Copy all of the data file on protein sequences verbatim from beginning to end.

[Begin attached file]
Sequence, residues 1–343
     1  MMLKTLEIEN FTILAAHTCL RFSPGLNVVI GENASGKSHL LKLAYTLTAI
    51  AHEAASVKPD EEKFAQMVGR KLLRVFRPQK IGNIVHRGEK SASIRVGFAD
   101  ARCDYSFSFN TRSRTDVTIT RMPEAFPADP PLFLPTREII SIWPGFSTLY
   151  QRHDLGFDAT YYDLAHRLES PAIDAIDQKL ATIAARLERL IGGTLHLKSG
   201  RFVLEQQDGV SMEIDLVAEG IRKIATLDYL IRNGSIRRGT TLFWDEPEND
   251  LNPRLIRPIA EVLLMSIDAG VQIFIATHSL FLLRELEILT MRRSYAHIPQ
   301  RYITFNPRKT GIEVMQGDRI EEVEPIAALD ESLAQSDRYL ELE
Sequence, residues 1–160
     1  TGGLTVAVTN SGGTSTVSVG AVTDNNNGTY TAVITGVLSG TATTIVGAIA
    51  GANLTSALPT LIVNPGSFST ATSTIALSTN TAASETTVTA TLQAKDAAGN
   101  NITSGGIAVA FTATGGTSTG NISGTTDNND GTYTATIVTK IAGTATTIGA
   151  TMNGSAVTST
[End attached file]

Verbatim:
Sequence, residues 1–343
     1  MMLKTLEIEN FTILAAHTCL RFSPGLNVVI GENASGKSHL LKLAYTLTAI
    51  AHEAASVKPD EEKFAQMVGR KLLRVFRPQK IGNIVHRGEK SASIRVGFAD
   101  ARCDYSFSFN TRSRTDVTIT RMPEAFPADP PLFLPTREII SIWPGFSTLY
   151  QRHDLGFDAT YYDLAHRLES PAIDAIDQKL ATIAARLERL IGGTLHLKSG
   201  RFVLEQQDGV SMEIDLVAEG IRKIATLDYL IRNGSIRRGT TLFWDEPEND
   251  LNPRLIRPIA EVLLMSIDAG VQIFIATHSL FLLRELEILT MRRSYAHIPQ
   301  RYITFNPRKT GIEVMQGDRI EEVEPIAALD ESLAQSDRYL ELE
Sequence, residues 1–160
     1  TGGLTVAVTN SGGTSTVSVG AVTDNNNGTY TAVITGVLSG TATTIVGAIA
    51  GANLTSALPT LIVNPGSFST ATSTIALSTN TAASETTVTA TLQAKDAAGN
   101  NITSGGIAVA FTATGGTSTG NISGTTDNND GTYTATIVTK IAGTATTIGA
   151  TMNGSAVTST